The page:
RFC2396 provides an extensible mechanism for defining new kinds of URIs based on new “schemes.” Schemes are the prefix in a URI before the colon (e.g., “http”, “ftp”, “file”). The present invention, defines a specific URI scheme used to refer to parts in a package. The scheme name used in the present invention is “pack.” A URI using the pack scheme is called a pack URI.

FIG. 3 illustrates a general form of a pack URI. The pack URI scheme is defined using the “generic URI” pattern from RFC2396 as shown in FIG. 3. In a pack URI, the authority component will contain an embedded URI that points to a package. The embedded URI should meet the requirements defined in RFC2396 for a valid absolute URI. The absolute path (abs_path) can be used to identify a particular part within the package identified by the embedded URI. When provided, the abs_path component describes a path to a part in the package. In order to identify a part, abs_path component must be an ASCII part name. When the <abs_path> is empty, the resource identified by the pack URI is the package as a whole.

A pack URI is composed of at least two main components: a package URI and a part URI. A part URI may be a resource within a given package that a client is interested in retrieving. The package URI is in one regard the package, container or object that contains the resource. In the format of a pack URI, the package URI takes the place of the authority component, and the part URI takes the place of the abs_path component. By remaining consistent with the generic URI format, and not deriving a specific approach or other syntax, the invention in one regard may enable applications to resolve relative references in a well known and defined fashion. Thus, the pack URI is universal and is not protocol-specific, and is able to work with a package URI of any scheme (http, ftp, file, etc.).

FIG. 4 illustrates examples of different pack URIs and the resources that each one addresses. In example 401, the first line illustrates the actual pack URI, while the second line identifies the part within the package of the third line. Note that the first “/” after the scheme delimiter “://” separates the package URI (authority component) from the part URI (abs_path component). As mentioned previously, a pack URI may address the entire package or a part within the package, and a pack URI with an empty path identifies the package as a whole. Example 402 illustrates this feature. Both pack URIs identify the same package as a whole. The second pack URI has a “/”, however, the path is empty, therefore, the pack URI identifies the entire package.

With reference to FIGS. 5 and 7, the following section will describe an algorithm for composing a pack URI from an absolute URI of a whole package and a relative reference. The relative reference may be considered to be the part component/URI before it is in absolute form. Absolute URI of a package resource to be suitable for composing a pack URI must fit RFC2396 requirements for valid absolute URIs.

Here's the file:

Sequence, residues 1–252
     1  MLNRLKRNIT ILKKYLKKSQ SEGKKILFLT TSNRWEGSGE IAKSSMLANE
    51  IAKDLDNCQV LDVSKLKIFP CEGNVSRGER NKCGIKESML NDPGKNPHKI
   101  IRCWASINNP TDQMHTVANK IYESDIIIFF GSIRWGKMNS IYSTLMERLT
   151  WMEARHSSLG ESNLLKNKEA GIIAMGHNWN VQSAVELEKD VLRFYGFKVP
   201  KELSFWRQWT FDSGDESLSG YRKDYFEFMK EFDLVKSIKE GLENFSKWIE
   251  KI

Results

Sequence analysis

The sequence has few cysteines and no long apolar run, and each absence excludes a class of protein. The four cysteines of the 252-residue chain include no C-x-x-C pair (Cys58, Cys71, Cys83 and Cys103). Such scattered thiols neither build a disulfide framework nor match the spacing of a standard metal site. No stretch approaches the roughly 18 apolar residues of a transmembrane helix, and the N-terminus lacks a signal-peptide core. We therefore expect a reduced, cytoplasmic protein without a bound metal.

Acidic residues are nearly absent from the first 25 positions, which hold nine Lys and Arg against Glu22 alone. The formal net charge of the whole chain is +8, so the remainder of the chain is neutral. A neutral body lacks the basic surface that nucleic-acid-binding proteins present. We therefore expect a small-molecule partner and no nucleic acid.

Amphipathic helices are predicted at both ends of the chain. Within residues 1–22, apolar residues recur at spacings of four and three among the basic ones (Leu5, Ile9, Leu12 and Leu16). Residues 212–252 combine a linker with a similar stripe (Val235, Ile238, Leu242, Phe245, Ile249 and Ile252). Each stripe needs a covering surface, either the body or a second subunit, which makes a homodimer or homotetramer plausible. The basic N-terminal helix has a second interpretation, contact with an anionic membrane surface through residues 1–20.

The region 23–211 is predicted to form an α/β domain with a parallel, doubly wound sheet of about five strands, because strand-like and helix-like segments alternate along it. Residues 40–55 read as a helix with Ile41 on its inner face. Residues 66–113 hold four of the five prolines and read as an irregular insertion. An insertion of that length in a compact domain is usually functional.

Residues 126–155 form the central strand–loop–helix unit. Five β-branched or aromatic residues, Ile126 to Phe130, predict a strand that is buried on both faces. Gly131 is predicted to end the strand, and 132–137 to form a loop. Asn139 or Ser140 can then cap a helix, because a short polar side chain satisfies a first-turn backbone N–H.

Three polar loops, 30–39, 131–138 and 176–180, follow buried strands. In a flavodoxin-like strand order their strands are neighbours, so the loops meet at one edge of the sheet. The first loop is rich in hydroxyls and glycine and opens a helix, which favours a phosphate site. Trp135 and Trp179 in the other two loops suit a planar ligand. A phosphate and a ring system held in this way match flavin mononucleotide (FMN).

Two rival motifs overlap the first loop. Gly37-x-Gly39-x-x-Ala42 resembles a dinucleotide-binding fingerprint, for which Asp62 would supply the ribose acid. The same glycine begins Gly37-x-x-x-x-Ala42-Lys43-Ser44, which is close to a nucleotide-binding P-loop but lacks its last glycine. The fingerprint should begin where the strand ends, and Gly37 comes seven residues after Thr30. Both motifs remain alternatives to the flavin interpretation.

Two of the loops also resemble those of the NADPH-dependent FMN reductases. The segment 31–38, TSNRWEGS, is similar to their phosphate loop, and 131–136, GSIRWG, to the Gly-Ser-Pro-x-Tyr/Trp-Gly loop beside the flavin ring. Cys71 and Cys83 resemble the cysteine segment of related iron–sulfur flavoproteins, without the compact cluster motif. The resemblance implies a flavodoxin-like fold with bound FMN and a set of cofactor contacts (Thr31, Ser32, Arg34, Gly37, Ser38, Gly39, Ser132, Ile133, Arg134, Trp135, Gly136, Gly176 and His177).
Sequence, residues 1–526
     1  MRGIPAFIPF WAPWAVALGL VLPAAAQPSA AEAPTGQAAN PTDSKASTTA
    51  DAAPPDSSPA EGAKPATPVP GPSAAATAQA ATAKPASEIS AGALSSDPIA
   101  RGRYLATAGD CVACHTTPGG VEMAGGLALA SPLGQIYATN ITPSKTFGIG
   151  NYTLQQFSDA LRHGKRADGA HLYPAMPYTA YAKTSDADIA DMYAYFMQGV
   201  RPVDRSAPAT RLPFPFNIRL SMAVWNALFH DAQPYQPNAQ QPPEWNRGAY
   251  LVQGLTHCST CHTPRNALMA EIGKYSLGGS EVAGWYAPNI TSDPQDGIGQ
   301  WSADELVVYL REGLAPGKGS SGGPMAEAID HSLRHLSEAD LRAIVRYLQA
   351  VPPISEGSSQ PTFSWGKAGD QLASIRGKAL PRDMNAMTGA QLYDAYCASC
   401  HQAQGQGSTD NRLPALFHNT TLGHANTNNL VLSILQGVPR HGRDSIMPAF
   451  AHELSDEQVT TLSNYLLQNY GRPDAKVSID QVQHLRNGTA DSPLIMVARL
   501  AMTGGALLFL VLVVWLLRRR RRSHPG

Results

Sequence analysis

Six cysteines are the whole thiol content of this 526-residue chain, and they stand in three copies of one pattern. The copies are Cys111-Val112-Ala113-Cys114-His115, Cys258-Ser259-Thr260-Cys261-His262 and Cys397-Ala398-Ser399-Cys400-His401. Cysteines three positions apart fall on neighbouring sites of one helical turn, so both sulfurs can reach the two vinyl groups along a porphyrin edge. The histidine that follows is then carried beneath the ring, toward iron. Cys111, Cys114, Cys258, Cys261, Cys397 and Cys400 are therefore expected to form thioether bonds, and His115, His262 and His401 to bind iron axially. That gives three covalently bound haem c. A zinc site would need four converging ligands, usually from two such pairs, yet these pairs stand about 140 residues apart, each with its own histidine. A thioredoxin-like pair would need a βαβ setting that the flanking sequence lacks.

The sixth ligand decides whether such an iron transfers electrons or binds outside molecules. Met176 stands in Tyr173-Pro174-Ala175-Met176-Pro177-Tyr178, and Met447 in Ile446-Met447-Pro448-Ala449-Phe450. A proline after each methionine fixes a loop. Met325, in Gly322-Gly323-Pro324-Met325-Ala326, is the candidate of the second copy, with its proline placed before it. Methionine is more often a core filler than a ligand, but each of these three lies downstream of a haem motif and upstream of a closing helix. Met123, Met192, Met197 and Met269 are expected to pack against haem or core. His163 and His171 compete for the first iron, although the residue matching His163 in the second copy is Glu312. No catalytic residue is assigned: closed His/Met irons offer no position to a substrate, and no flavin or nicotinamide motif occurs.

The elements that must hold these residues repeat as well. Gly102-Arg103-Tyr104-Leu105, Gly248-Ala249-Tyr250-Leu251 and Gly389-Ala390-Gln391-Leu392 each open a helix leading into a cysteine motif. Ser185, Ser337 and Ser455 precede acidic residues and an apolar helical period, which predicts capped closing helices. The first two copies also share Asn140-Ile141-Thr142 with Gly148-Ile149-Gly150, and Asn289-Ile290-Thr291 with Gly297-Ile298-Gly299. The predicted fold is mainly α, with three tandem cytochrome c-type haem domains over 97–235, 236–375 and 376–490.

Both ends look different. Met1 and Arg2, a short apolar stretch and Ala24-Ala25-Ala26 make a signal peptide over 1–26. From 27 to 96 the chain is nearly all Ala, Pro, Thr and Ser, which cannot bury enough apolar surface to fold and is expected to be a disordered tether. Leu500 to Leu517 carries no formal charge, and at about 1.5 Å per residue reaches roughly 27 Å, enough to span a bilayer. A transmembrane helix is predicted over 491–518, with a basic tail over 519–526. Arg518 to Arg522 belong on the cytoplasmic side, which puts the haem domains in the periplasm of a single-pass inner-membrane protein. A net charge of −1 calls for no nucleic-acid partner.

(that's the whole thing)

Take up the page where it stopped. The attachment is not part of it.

FIG. 7 illustrates composition of a pack URI from an absolute package URI and a relative reference using syntactical conversions. In the composition of a pack URI, at least the following steps may be performed: In step 701, the fragment identifier is removed from the package URI, if it is present. Fragment identifiers are described more in detail in section 4.1 of RFC2396. In step 702, characters such as “%”, “?”, “@”, “#” and “,” are escaped in the package URI. In step 703, all “/” are replaced with “,” in the resulting string. In step 704, the resulting string is appended to a “pack://” string. In step 705, “/” is appended to the resulting string. Constructed string represents a pack URI with blank abs_path component. In step 706, relative reference are resolved against constructed pack URI as a Base to a target absolute pack URI. Resolving is accomplished through an exemplary technique outlined in section 5.2 of RFC2396. Examples of pack URIs composed from package URIs and relative references are illustrated in FIG. 5.

The present invention also allows for pack URIs, that have been previously composed, to address another relative reference that may be a part of the same package. In order to accomplish this method, the present invention utilizes an exemplary resolving technique outlined in RFC2396 and referenced above. An example of composing a new pack URI, that addresses another package part, from an old pack URI is as follows: if a client has a pack URI—

    • pack://http:,,www.microsoft.com,my.container/a/b/foo.xaml
      and it wants to obtain another URI—
    • /images/pic1.jpg
      after resolving the two URIs, it will get the pack URI—
    • pack://http:,,www.microsoft.com,my.container/images/pic1.jpg

Once the pack URI is composed, a piece of code, software or other resource may be utilized in order to retrieve the resource from the data store that the pack URI addresses. This software or logic processes the pack URI to get the requested resource back to the client. In the processing step, the software may decompose the pack URI into its at least two main components, package URI and part URI, and will extract the requested part/resource from the package.